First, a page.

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Rev. James A. Macdonald

Male 1862 - 1923  (61 years)


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  • Name Rev. James A. Macdonald 
    Born 22 Jan 1862  East Williams Township, Ontario Find all individuals with events at this location  [1
    Gender Male 
    Died 14 May 1923  Toronto, Ontario Find all individuals with events at this location  [1
    Siblings 1 sibling 
    Person ID I35002  Ancestry of PNH, TNH, and others
    Last Modified 18 May 2021 

    Father John Alexander Macdonald,   b. Abt 1818, Pictou, Pictou, Nova Scotia Find all individuals with events at this location,   d. 22 Feb 1899, London, Middlesex, Ontario Find all individuals with events at this location  (Age ~ 81 years) 
    Mother Jane Grant,   b. 4 May 1825, Pictou, Pictou, Nova Scotia Find all individuals with events at this location,   d. 12 Jul 1878, Middlesex, Ontario Find all individuals with events at this location  (Age 53 years) 
    Married 28 Dec 1848  London, Middlesex, Ontario Find all individuals with events at this location  [2
    Family ID F20573  Group Sheet  |  Family Chart

  • Notes 
    • From Wikipedia:

      He was born in East Williams Township, Upper Canada, the son of John Alexander Macdonald and Jane Grant, and was educated there, in Hamilton, in Toronto and at the University of Toronto. Macdonald continued his studies at Knox College, where he became editor of the Knox College Monthly. After graduating in 1887, he continued to be editor and also served as college librarian. In 1890, Macdonald married Grace Lumsden Christian. He was ordained a Presbyterian minister in 1891 and assigned to Knox Presbyterian Church in St. Thomas. In 1896, Macdonald was named principal of Presbyterian Ladies' College in Toronto. He also became editor of a new Presbyterian monthly, the Westminster. In 1902, Macdonald also became editor of a new weekly Presbyterian. In 1903, he became editor of the Globe, continuing in that role until 1915. Macdonald also served as a director of the Canadian Associated Press and for the University of Toronto, as a trustee for the Toronto General Hospital. A pacifist, he was a director of the World Peace Foundation and participated in rallies against American involvement in World War I. Later concluding that German aggression needed to be stopped, Macdonald emphasized that the intent of war should be to restore peace. He died in Toronto at the age of 61.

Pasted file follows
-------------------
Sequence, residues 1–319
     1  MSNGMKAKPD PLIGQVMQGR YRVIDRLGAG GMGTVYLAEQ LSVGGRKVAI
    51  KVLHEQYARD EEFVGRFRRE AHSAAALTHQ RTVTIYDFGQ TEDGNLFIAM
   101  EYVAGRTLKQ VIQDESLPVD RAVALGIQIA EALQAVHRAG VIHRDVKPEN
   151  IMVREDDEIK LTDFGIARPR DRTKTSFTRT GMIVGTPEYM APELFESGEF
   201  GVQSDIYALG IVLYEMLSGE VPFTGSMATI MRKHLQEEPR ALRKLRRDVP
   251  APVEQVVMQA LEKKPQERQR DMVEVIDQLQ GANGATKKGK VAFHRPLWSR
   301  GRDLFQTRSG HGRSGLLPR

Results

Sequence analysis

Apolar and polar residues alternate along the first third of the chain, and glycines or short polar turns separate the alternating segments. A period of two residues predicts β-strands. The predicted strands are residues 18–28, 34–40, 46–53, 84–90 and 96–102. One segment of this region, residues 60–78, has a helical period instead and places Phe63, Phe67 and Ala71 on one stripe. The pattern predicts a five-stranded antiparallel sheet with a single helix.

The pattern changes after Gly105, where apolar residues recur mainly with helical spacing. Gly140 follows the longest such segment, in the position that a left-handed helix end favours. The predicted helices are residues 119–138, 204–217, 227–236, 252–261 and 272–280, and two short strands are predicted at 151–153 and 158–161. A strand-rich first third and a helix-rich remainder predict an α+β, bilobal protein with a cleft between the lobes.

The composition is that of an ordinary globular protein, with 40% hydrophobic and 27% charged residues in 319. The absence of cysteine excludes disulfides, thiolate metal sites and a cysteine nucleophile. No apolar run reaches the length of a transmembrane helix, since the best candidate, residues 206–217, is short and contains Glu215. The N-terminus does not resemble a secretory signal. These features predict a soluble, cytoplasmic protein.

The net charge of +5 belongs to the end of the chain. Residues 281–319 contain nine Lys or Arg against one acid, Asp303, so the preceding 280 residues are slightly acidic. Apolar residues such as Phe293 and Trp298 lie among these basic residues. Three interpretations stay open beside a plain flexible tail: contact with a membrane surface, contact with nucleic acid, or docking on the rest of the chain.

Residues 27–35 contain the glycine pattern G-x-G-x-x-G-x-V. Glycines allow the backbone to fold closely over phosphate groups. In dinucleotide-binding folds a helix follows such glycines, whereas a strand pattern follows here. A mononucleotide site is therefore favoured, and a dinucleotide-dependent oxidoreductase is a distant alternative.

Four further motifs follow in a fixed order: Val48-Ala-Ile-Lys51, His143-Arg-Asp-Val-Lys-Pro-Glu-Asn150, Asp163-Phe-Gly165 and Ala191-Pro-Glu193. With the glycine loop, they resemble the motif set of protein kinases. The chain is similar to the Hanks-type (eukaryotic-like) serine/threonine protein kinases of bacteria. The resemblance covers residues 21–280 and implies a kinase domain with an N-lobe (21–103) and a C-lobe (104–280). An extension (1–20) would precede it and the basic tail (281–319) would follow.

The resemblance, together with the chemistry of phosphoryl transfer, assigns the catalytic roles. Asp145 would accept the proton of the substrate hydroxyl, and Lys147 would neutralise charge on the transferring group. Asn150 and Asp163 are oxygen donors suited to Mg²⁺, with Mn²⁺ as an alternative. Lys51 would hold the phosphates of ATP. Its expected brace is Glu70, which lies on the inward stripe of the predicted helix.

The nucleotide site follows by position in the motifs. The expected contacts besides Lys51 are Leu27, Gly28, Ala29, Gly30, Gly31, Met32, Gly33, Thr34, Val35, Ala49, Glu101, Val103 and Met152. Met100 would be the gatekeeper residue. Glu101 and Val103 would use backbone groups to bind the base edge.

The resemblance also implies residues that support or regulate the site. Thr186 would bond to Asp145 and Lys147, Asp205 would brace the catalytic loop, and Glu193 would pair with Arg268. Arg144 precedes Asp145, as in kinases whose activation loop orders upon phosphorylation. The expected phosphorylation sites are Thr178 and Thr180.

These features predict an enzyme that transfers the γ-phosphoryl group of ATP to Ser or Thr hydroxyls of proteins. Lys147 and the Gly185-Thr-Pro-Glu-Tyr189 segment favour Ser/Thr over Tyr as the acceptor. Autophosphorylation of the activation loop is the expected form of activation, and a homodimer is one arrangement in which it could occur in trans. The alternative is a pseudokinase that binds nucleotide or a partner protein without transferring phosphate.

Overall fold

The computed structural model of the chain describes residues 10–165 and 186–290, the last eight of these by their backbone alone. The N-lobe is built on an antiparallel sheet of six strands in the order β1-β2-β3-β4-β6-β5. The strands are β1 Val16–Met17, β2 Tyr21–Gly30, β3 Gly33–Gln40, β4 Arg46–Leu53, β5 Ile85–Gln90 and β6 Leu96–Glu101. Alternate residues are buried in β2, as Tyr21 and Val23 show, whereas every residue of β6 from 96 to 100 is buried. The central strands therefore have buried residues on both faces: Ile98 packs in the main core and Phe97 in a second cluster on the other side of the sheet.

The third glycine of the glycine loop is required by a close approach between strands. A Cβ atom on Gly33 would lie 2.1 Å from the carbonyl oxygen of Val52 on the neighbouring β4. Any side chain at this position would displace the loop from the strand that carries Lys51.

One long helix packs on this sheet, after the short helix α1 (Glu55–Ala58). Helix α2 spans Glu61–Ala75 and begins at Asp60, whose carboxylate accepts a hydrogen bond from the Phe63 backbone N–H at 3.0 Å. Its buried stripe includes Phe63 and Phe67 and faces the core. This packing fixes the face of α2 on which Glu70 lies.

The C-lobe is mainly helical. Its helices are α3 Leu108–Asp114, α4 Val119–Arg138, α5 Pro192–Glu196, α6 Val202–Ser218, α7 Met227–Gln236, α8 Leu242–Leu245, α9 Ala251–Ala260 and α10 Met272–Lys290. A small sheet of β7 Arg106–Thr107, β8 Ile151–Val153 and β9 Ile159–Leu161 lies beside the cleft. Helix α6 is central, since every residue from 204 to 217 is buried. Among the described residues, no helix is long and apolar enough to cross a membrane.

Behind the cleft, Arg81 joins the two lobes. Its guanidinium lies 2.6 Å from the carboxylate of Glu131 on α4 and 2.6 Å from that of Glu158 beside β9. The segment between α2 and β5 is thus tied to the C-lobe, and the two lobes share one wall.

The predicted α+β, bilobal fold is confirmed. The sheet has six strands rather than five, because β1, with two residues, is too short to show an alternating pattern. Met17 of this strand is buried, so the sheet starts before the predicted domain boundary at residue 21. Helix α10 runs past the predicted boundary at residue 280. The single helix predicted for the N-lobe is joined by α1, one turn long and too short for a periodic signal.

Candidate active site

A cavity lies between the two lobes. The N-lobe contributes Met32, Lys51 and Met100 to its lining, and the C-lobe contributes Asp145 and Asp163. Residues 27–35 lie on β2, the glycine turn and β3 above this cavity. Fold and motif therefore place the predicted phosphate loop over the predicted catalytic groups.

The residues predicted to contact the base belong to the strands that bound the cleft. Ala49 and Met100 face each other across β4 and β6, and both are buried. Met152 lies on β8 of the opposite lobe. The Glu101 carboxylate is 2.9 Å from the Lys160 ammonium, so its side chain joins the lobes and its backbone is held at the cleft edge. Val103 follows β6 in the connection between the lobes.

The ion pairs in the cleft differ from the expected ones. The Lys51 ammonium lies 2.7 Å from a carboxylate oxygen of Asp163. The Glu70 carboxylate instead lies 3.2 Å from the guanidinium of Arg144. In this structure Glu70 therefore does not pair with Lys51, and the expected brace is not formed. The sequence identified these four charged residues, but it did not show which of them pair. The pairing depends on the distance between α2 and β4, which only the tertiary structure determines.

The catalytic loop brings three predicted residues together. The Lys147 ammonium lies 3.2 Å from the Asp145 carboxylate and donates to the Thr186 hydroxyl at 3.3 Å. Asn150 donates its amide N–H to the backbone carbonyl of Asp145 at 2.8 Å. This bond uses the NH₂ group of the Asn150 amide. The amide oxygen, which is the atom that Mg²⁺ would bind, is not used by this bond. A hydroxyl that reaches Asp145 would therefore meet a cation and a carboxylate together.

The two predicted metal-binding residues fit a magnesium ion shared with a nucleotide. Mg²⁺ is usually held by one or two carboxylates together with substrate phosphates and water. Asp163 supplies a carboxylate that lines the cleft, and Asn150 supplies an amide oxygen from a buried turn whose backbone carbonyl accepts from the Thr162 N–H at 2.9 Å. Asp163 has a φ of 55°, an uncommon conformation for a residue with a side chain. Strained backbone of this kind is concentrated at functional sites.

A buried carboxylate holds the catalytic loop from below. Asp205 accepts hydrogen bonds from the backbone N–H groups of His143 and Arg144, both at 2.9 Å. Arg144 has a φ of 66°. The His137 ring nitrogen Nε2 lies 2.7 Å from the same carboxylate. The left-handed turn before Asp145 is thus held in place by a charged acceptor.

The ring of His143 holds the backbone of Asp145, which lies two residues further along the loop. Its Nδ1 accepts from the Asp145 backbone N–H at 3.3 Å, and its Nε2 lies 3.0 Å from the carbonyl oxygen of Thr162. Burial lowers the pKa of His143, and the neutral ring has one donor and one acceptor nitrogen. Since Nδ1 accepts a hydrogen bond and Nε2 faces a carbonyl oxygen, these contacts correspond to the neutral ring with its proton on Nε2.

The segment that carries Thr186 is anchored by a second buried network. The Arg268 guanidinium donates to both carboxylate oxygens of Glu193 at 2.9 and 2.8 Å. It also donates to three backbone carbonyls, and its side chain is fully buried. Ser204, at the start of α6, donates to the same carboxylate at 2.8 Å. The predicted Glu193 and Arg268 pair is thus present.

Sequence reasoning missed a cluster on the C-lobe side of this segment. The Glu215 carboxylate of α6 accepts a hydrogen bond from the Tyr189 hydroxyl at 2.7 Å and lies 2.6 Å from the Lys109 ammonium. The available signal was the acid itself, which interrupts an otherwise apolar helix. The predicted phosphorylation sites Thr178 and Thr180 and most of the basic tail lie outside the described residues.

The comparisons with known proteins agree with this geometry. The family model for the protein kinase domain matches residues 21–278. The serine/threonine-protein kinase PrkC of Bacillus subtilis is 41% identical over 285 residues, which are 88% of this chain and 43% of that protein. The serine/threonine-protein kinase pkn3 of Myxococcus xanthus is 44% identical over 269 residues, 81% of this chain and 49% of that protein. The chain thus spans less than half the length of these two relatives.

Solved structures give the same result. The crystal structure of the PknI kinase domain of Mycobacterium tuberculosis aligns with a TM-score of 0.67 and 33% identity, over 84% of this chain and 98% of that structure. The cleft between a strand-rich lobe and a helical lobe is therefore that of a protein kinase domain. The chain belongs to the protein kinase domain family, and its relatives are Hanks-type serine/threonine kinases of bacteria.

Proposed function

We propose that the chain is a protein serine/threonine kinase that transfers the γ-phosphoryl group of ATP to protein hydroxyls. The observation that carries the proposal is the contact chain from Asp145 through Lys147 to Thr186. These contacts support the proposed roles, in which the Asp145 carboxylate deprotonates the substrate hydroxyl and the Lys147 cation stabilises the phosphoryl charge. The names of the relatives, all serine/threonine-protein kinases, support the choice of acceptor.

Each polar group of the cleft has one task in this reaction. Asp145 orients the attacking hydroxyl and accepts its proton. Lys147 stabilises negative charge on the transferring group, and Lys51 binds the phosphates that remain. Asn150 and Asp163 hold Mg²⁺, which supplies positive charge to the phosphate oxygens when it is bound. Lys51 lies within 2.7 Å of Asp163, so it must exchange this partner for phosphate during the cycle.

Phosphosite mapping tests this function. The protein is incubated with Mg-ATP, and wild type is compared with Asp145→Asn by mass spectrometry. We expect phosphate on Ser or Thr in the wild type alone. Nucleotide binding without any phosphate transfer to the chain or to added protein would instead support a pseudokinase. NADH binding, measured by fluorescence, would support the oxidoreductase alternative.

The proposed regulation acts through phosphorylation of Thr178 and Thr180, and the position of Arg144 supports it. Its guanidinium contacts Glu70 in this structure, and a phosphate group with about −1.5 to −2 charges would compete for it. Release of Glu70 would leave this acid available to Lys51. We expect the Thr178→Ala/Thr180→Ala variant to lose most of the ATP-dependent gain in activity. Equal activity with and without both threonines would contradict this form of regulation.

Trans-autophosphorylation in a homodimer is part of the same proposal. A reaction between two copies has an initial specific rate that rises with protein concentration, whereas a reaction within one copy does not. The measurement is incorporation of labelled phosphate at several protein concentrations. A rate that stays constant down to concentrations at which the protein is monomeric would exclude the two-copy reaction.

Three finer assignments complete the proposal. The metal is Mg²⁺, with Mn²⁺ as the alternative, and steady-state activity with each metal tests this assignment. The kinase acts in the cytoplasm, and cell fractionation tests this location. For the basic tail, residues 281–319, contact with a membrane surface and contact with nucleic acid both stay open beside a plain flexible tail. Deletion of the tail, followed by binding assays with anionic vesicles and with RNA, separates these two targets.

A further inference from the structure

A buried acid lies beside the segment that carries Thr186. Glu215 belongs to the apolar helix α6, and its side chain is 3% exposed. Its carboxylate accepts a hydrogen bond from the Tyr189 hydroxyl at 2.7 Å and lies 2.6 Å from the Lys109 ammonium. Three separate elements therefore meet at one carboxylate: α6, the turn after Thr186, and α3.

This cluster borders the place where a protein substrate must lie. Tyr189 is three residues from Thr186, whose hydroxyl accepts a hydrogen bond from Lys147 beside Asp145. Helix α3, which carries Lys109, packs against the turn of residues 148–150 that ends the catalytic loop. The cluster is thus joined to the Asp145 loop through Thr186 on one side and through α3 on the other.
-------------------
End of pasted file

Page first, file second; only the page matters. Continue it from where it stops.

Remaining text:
Macdonald published two collections of essays, Democracy and the Nations in 1915 and The North American Idea in 1917, proposing closer ties between Canada and the United States. In the latter year he suffered from both physical and mental breakdowns. These events caused his retirement.

      From the Dictionary of Canadian Biography (citation details below):

      MACDONALD, JAMES ALEXANDER, editor, Presbyterian minister, school principal, orator, social reformer, and author; b. 22 Jan. 1862 in East Williams Township, Upper Canada, son of John Alexander Macdonald, a farmer, and Jane Grant; m. 11 June 1890 Grace Lumsden Christian in Oil City, Ont., and they had two sons and a daughter; d. 14 May 1923 in Toronto.

      James A. Macdonald traced his ancestry to Glen Urquhart in the Highlands of Scotland. His great-great-grandfather had survived the battle of Culloden in 1746, immigrated to North Carolina, and fought with his sons on the side of the British in the American revolution. The family subsequently moved to Pictou County, N.S., and then to East Williams. Gaelic was the first language for many in the community where Macdonald grew up.

  • Sources 
    1. [S2180] Dictionary of Canadian Biography.

    2. [S5800] Ontario, Canada, Marriages, 1826-1938, on ancestry.com.